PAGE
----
Hisashi Ouchi, the Most Irradiated Man in the World and Kept Alive for 83 Days

by Athena7 years ago
93.8k views
0
Picture Hisashi Ouchi, the Most Irradiated Man in the World and Kept Alive for 83 Days

Human error and natural disasters have been two major causes of nuclear accidents worldwide. So, when demands on efficiency and speed increased at Japan’s first nuclear power plant, that resulted in human error and negligence, which led to two accidents. Unfortunately for the victims, the first was not enough to improve safety measures. The story of the second accident’s victim is more terrifying than anything anyone could imagine. Here’s more on the background of Japan’s unavoidable dependence on nuclear energy and how it led to the plight of Hisashi Ouchi, the most irradiated man in the world, who was kept alive for 83 days.

Warning: NSFW, contains graphic images!

Nuclear Energy in Japan and Struggle for Energy Independence

Nuclear Power in Japan
Nuclear Power in Japan

Being an island nation with scarcely any natural resources for power generation, Japan had to rely heavily on imported crude oil, natural gas, and coal. World War II was followed by rapid industrial growth and an unprecedented demand for energy. In 1955, a small number of Japanese researchers were sent to study at the Argonne National Laboratory in the US to gain knowledge that could be used to develop nuclear power in the country.

The following year, Japan Atomic Energy Institute was created by the newly enacted Atomic Energy Basic Law with one of these researchers, Kinichi Torikai, as its president. The law confines the use of nuclear energy to only peaceful purposes. Consequently, Japan began to invest in nuclear power, with its first commercial nuclear power plant built in 1966 in the village of Tōkai in the Ibaraki Prefecture on the east coast of Japan.

Following the oil crisis in 1973, Japan began to diversify its energy sources in order to maintain energy efficiency, and it became increasingly clear nuclear power could help overcome the deficit.
To date, Japan has built 54 nuclear reactors. Before the 2011 Tōhoku earthquake and tsunami, over 30% of Japan’s power was generated by these reactors. Following that earthquake disaster, only nine reactors were left fully operational. The rest are either closed, under review, or undergoing upgrades to protect against future disasters with a goal to have at least 33 reactors reactivated by 2030.

Tōkai Nuclear Power Plant and JCO

 Tōkai Nuclear Power Plant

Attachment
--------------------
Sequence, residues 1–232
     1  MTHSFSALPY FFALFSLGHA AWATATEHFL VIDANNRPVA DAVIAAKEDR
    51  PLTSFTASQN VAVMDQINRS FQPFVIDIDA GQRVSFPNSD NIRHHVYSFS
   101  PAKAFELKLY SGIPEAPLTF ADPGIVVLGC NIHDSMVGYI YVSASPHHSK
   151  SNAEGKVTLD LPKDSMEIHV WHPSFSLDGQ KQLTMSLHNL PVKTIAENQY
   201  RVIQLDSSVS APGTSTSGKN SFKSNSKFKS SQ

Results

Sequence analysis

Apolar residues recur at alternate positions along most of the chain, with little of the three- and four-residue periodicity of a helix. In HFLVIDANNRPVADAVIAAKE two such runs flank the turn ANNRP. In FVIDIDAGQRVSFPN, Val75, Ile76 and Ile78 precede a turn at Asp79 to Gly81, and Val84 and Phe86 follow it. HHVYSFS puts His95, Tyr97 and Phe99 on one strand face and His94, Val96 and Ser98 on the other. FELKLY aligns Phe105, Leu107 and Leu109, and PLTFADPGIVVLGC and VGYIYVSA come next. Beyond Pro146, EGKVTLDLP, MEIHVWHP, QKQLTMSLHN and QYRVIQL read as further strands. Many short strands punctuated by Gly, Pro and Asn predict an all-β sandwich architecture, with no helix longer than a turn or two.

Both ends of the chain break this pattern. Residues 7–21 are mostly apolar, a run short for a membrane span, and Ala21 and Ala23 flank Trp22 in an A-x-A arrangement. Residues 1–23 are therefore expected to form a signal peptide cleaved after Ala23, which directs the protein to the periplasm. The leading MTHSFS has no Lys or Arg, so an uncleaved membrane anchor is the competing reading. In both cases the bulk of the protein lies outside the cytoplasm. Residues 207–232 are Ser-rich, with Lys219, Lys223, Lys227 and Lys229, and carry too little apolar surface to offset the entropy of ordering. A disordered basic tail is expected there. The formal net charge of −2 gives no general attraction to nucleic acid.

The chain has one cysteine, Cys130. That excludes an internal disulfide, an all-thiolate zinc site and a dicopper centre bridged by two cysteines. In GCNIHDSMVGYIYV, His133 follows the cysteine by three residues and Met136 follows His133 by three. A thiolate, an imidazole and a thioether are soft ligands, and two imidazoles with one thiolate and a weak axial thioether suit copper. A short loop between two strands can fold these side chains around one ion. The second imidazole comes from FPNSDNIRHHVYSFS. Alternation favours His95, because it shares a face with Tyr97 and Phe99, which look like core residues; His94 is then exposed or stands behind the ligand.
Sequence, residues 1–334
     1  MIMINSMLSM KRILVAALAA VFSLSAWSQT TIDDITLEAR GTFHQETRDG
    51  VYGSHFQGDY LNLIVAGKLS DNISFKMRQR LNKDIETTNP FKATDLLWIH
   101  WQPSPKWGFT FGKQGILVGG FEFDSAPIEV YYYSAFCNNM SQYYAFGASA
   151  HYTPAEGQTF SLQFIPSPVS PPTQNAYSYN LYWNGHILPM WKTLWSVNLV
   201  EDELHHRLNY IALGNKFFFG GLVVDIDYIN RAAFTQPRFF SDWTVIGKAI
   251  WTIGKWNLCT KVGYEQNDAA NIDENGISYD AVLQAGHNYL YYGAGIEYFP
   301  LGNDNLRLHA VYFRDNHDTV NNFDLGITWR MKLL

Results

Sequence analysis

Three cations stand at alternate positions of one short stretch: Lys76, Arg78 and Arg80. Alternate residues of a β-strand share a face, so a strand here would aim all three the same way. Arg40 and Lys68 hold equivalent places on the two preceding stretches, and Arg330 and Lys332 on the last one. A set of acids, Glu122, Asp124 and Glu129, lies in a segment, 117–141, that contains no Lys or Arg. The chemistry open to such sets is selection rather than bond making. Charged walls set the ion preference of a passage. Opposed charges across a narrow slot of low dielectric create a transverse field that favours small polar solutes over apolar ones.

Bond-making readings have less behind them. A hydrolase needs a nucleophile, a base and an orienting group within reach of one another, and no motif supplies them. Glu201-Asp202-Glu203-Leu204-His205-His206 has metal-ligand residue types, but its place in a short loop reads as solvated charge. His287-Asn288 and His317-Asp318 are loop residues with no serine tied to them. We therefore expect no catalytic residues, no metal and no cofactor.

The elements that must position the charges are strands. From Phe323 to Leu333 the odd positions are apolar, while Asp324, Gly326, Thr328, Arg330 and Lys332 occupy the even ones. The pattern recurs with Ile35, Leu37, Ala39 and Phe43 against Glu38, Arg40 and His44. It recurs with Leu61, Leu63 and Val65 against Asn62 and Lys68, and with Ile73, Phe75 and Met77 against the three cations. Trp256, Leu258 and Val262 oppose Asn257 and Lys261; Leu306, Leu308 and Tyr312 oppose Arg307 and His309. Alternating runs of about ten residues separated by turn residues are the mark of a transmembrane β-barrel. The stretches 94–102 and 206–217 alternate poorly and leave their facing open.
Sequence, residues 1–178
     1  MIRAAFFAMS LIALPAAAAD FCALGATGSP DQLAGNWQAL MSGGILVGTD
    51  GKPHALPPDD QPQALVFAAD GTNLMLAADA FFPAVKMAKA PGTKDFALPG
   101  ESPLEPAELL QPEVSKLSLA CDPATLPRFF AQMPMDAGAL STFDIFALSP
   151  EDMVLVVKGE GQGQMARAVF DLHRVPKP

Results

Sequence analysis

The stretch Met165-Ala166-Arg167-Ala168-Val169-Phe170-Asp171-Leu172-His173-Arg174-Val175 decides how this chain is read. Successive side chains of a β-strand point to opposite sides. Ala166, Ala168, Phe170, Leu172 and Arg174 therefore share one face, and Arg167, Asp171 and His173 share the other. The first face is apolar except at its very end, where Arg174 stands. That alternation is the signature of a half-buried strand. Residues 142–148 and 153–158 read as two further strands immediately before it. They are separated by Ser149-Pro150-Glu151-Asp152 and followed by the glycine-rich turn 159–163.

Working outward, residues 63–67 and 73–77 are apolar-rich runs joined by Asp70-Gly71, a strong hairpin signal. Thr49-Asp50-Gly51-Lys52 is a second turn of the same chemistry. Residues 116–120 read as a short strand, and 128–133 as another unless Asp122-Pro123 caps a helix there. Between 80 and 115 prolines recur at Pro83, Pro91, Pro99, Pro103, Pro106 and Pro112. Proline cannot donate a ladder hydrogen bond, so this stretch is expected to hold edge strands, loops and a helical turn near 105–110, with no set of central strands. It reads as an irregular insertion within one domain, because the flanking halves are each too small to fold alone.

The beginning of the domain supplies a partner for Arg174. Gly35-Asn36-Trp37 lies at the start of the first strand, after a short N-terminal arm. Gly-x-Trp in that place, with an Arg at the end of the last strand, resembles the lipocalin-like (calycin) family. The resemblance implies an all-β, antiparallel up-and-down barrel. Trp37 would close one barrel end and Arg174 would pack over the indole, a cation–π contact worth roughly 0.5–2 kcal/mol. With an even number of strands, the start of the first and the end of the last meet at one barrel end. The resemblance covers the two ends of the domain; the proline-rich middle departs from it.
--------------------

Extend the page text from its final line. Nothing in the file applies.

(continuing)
Tōkai Nuclear Power Plant, 1986. Image credit: Japan Ministry of Land, Infrastructure and Transport

Tōkai’s first reactor, Unit 1, began operating in 1966 with the capacity to generate 166 megawatts of electricity. The second reactor, Unit 2, began operating in 1978 at 1100 megawatts capacity. With the advent of nuclear technology, several other departments and industrial buildings began to crop up around the power plant. One of them was the Japan Nuclear Fuel Conversion Co. (JCO), established in 1979. The facility was used for converting uranium hexafluoride into enriched uranium dioxide, a necessary first step for making fuel rods to be used in the power reactors.

Tōkai Nuclear Power Plant Units
Tōkai Nuclear Power Plant, Unit 1 and 2. Image credit: KEI at Japanese Wikipedia

Every year, JCO processes three tons of uranium using a “wet” process. The building’s infrastructure design was based on approved standard processes and material measurements. However, sometime in 1996, the work procedure was changed to allow the dissolving of uranium dioxide in nitric acid in steel buckets rather than dissolution tanks. The required amount of mixture is supposed to then be transferred to the precipitation tank gradually via a buffer tank. A water-cooling jacket surrounds the precipitation tank to prevent critical temperatures.

In addition to that, there was a lack of regulatory oversight, and no routine inspections were done. Since it was not included in the National Plan for the Prevention of Nuclear Disasters, the plant did not install any critical alarms. With the company’s revenue decreasing and the pressure to increase efficiency, this new procedure was not submitted to the safety management division for approval as they were certain it would not be approved.